If you have severe clinical depression you may also experience hallucinations and delusional thinking. These are the symptoms of psychosis.
Depression with psychosis is called psychotic depression.
Symptoms of severe depression
If you have clinical depression, you will feel sad and hopeless for most of the day. You will feel like this most days and you will have no interest in anything. Getting through the day feels almost impossible.
Other typical symptoms of severe depression are:
- fatigue (exhaustion)
- loss of pleasure in things
- disturbed sleep
- changes in appetite
- feeling worthless and guilty
- being unable to concentrate or being indecisive
- thoughts of death or suicide
Symptoms of psychosis
Moments of psychosis (psychotic episodes) means having:
- delusions – thoughts or beliefs that are unlikely to be true
- hallucinations – hearing, feeling, smelling, seeing or tasting things that are not there
The delusions and hallucinations almost always reflect a depressed mood. For example, you may become convinced you're to blame for something or that you've committed a crime.
Psychomotor agitation is also common. This means not being able to relax or sit still and constantly fidgeting.
If you have psychotic depression, you may also have psychomotor retardation. This is when your thoughts and physical movements slow down.
People with psychotic depression have an increased risk of thinking about suicide.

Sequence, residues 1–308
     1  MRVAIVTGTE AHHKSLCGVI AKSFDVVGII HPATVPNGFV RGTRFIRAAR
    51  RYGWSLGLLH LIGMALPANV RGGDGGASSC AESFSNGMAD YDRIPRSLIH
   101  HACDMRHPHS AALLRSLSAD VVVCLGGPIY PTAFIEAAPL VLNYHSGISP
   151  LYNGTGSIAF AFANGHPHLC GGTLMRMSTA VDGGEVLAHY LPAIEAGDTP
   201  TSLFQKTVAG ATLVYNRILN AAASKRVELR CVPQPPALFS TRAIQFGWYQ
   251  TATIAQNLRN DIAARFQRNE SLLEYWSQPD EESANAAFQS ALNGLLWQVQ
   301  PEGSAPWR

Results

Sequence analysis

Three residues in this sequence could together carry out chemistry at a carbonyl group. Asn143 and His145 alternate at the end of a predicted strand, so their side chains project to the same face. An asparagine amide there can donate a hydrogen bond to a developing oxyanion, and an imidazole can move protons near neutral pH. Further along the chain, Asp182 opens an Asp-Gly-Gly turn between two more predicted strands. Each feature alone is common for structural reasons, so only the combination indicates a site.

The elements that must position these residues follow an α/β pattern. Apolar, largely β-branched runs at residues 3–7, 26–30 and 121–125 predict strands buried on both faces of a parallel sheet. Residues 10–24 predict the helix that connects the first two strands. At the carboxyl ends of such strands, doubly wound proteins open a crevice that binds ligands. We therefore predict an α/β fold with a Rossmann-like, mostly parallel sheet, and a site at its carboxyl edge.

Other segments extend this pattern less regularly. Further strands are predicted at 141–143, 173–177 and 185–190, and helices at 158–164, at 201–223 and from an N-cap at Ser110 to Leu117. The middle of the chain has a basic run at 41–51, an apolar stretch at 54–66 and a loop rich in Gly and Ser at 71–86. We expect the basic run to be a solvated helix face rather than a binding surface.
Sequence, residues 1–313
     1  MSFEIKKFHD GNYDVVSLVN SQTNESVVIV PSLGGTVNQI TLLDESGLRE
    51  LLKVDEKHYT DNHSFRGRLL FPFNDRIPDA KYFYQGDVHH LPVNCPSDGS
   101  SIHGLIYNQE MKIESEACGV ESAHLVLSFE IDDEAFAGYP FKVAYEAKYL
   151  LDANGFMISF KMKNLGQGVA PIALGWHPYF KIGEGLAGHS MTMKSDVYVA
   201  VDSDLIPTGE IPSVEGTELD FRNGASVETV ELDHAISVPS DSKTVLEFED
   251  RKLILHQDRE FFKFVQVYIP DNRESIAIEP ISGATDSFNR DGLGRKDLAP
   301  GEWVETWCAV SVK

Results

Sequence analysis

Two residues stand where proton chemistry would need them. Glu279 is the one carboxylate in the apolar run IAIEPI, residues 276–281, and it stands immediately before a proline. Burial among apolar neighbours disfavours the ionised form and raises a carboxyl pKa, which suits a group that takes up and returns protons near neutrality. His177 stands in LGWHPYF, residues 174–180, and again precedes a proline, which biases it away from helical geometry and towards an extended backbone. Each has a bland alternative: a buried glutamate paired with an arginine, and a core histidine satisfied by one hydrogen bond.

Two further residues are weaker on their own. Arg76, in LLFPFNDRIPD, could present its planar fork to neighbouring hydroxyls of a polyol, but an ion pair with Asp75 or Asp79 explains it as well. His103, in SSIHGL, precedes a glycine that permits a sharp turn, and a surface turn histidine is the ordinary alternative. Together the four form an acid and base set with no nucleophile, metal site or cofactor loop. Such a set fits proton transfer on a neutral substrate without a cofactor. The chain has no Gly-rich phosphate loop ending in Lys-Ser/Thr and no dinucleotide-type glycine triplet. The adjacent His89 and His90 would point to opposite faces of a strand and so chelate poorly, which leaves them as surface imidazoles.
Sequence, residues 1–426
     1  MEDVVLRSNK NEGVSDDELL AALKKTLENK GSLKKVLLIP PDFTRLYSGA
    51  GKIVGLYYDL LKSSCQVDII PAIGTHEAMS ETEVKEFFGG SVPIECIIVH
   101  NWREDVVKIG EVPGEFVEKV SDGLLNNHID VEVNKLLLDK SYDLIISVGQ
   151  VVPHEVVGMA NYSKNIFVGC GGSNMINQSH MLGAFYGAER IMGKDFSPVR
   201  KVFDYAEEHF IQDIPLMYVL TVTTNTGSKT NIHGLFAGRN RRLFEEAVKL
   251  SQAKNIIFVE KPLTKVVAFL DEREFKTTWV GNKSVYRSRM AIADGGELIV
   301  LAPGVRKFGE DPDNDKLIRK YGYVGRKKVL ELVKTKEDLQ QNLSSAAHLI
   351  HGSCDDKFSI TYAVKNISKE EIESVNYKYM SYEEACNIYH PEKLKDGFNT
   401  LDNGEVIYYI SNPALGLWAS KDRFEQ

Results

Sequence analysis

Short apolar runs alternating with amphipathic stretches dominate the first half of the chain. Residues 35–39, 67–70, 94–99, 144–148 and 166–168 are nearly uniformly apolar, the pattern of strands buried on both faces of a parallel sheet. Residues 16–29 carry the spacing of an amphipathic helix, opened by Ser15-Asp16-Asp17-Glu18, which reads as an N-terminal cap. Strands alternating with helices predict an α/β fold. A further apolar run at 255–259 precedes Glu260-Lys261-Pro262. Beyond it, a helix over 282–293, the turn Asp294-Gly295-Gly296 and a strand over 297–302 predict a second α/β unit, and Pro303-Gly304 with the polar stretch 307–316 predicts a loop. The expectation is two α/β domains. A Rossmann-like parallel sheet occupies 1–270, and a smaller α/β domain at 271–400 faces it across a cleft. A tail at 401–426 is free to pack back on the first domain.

Causes of psychotic depression
The cause of psychotic depression is not fully understood. There's no single cause of depression and it has many different triggers.
For some, it can be as a result of stressful life events.
- serious illness
- financial worries
Genes probably play a part. Severe depression can run in families. But it is not known why some people also develop psychosis.
Many people with psychotic depression had a traumatic event in childhood.
Treating psychotic depression
Treatment for psychotic depression involves:
- medicine - antipsychotics and antidepressants
- psychological therapies - cognitive behavioural therapy (CBT)
- social support – support with social needs, such as education, employment or accommodation
You may need to stay in hospital for a short time while you are getting treatment.
Electroconvulsive therapy (ECT) is sometimes used if all other treatments have not worked.
Content supplied by the NHS and adapted for Ireland by the HSE